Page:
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VA Law Changes: What You Need to Know




Veterans Affairs Disability Pension: Are You in the Loop?

The hardest part of getting the benefits that you deserve is understanding the process. When it comes to acquiring veterans pension benefits from the VA, there’s a lot of factors in play, especially in light of recent rule changes that are set to take effect on October 18th, 2018. At AVCC, we recognize just how difficult it is to be a veteran and not know how the pension system functions. It’s our job to make sure that you’re as informed as possible going forward, and that you have all the resources that you need to live a healthy life.


Asset Cap

VA pension benefits are “means-tested,” meaning that the applicant’s income and assets are considered in determining eligibility. Before, there was previously no specific asset limitation, and applicants were assessed on a case-by-case basis. The new restrictions necessitate a countable asset “cap,” which matches the Community Spouse Resource Allowance for Medicaid ($123,600 for 2018). The annual income of the applicant is taken into account when calculating their countable assets; so, too, are the assets and income of the applicant’s spouse.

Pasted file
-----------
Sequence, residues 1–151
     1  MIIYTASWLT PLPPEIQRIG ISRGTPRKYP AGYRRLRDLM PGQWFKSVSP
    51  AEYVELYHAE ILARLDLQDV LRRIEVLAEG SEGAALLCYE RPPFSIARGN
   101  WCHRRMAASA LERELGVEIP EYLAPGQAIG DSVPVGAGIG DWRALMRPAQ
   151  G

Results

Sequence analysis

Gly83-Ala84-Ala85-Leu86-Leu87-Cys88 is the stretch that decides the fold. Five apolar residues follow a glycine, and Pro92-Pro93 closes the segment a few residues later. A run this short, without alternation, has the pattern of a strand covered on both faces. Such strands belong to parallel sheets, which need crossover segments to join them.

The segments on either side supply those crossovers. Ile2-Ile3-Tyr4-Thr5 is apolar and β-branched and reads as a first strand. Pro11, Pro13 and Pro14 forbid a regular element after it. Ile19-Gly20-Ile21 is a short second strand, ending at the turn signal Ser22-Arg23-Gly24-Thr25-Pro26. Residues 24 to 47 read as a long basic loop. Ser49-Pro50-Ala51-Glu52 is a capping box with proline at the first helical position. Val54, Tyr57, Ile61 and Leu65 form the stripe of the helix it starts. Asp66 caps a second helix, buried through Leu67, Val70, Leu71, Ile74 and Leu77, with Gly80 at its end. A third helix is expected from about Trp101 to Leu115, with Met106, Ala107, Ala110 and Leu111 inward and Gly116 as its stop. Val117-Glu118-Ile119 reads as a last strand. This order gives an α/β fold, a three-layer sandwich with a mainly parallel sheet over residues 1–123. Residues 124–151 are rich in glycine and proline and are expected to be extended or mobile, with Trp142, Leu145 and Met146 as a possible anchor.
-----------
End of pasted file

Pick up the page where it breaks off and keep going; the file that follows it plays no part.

Transfers of Assets and “Lookback” Period

Current regulations allow a VA pension applicant to transfer assets (e.g. to a family member, a trust, or an annuity) without penalty, no matter what the amount is. After October 18, 2018, this is no longer the case: a “lookback” period of 3 years beginning on October 18th is now included. If an improper transfer of assets occurred during the 3 years immediately prior to the application for benefits, a penalty period of ineligibility of up to 5 years could be assessed (the punishment is contingent on the amount of the transfer).  The new rules include that transfers to family members, trusts, and annuities are now considered penalizable transfers due to the “lookback” period.


Unreimbursed Medical Expenses (UME) and Caregiver Agreements

Fortunately for veterans and surviving spouses, some of the recent changes are positioned as helpful extensions of current rules that are beneficial. For example? Fees related to residence in an independent living facility now count as UME under certain circumstances, while other items that used to not count, (including prescriptions, special dietary items, vitamins and supplements) are income deductible if prescribed by the applicant’s physician. Also, any cost related to service animals and transportation for healthcare purposes now count for UME.


Check in with the experts at AVCC

Don’t go it alone if you don’t have to—at AVCC, our job is to make sue that you have the information, resources, and ongoing support that you need to live a healthy life with minimal complications. Don’t get bogged down by confusing paperwork; we’ll put you in the best position possible to receive the benefits that you’re entitled to as a veteran of the United States military.

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